There have been many exhibits through the years of Picasso’s artistry in various countries, including ones I saw in Paris in 2008-09 in three museums running related shows. The Metropolitan Museum has one of the richest collections of Picasso’s work and it has reached into its Picasso treasury to display 300 Picassos in a sure-to-be popular show titled “Picasso in the Metropolitan Museum of Art” (April 27-August 1, 2010).

The collection of the Met includes paintings, drawings, sculptures, ceramics and prints, and spans the artist’s various creative periods, with the collection built by the museum either through its own purchases or generous donations over a period of 60 years.

Strolling through the display, as I did in a press showing, was a stunning experience. The artist’s work is arranged sensibly. One is struck by his early work, which captures the achievements of the young Picasso, and moves through his Blue and Rose periods. One sees his liking to paint subjects associated with the music halls and the theater world. One sees the veering toward cubism, and notes the strength that still exists in is later years. It reminded me in some ways of a 1970 exhibit at the Palais des Papes in Avignon, overwhelmingly wall-to-wall with large works that Picasso had painted in the last two years when he was nearly 90, yet reflected much physical as well as creative strength.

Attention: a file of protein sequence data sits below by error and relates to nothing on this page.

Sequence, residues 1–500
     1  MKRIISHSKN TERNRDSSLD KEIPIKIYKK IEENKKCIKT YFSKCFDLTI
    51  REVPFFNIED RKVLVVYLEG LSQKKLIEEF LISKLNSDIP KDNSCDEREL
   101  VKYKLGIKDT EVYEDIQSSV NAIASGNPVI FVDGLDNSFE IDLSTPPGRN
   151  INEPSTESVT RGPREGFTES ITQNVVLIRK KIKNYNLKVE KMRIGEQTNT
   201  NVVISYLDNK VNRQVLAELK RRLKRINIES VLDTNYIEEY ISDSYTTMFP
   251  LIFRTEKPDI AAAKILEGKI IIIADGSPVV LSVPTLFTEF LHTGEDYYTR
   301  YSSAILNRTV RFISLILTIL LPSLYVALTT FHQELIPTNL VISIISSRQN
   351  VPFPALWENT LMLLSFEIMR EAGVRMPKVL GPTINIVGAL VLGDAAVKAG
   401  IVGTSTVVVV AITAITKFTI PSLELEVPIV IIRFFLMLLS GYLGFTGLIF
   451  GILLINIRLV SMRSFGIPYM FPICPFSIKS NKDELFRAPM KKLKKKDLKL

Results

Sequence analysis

The current exhibition is intriguingly displayed, providing the opportunity to study the work. One will find in the show his “The Actor, ” the painting that was defaced but has been restored. It is a sensitive, graceful work suggesting unusual movement of its subject. There are also many portraits, and a controversial painting of a man resembling the painter himself receiving oral sex. At first Picasso said it was not painted by him, but was a joke by his friends. However, it’s authenticity as a Picasso was subsequently established.

Other famous works you will see include “Seated Harlequin,” which he did in 1901, and “At the Lapin Agile,” painted four years later. Jumping ahead to the year 1939, there is “Dora Maar in the Armchair.” There are also drawings related to what he ultimately did with “Guernica.” In short, don’t miss this landmark show. At the Metropolitan Museum of Art, 1000 Fifth Avenue. Phone: 212-535-7710.

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